The problem is that most licensed rock costumes are of artists who we know better as people than as their onstage characters. Slipknot wear insane outfits, but at the end of the day, they’re humans — Corey and Shawn and Mick. The same can be said for Alice Cooper or Rob Zombie, who are open about their onstage personas just being exaggerated aspects of their personalities. It feels odd to wear an overhead latex mask of a guy who you know is from Michigan or eats vegan.
On top of that, the costumes are either hard to get right or easily cobbled together from smaller, cheaper pieces. Real talk, unless you wear an exact Corey Taylor jumpsuit, you’re sort of going as “Slipknot guy.” On the other hand, you can pull together King Diamond with any overcoat, top hat, and greasepaint. Either you need to go to ridiculous expense to be your favorite rock star, or you sort of have to half-ass it.
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But with Ghost, it’s the best of both worlds: you want the licensed costume, but you can get that pretty conveniently in 2019. Sure, you can wear any pope costume and face paint, but let’s be honest, it’s not quite right — you want those sweeping winged arms and that ‘G’ with the inverted cross in the middle. At the same time, the licensed Ghost costume isn’t annoyingly hard to put on or walk around in, so it’s not a massive inconvenience the way, say, a GWAR get-up would be.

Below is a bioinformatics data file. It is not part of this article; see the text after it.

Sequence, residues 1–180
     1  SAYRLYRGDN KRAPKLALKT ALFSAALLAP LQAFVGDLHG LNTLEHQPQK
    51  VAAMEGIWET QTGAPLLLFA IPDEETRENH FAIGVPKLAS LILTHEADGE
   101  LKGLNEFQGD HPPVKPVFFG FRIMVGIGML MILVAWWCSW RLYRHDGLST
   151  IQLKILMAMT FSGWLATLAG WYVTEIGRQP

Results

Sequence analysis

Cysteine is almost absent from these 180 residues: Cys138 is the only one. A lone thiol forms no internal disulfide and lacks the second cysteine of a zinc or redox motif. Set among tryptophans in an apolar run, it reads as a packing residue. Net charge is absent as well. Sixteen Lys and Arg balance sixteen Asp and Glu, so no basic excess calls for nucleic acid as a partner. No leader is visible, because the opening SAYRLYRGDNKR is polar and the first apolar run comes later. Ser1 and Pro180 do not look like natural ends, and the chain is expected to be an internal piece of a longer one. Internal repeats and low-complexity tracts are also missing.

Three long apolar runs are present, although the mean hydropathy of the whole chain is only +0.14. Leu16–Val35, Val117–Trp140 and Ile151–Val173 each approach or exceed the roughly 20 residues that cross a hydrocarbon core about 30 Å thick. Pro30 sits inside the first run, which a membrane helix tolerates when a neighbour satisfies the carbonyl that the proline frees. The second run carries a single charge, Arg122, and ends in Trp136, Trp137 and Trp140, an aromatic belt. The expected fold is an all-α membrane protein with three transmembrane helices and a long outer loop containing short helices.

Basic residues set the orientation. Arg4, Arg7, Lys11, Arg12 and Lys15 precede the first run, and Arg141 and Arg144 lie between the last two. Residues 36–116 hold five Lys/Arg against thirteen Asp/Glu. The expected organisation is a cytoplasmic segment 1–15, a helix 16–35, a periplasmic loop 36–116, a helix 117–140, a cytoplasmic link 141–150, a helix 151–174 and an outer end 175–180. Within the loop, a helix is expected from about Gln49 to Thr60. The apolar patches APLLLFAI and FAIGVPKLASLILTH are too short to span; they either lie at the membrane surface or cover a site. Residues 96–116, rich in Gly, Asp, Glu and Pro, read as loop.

Not only that, but the introduction of Cardinal Copia made it that wearing a Ghost mask is somehow just as appropriate as wearing the face paint. Copia’s unmoving facial prosthetic is deeply unsettling, and makes one wonder if any of the previous Papa’s faces have been painted, or are somehow overlaid with some sort of foam rubber. The result is that Ghost Halloween costume pieces feel totally necessary, right down to the masks, but don’t need to be theater-level expensive.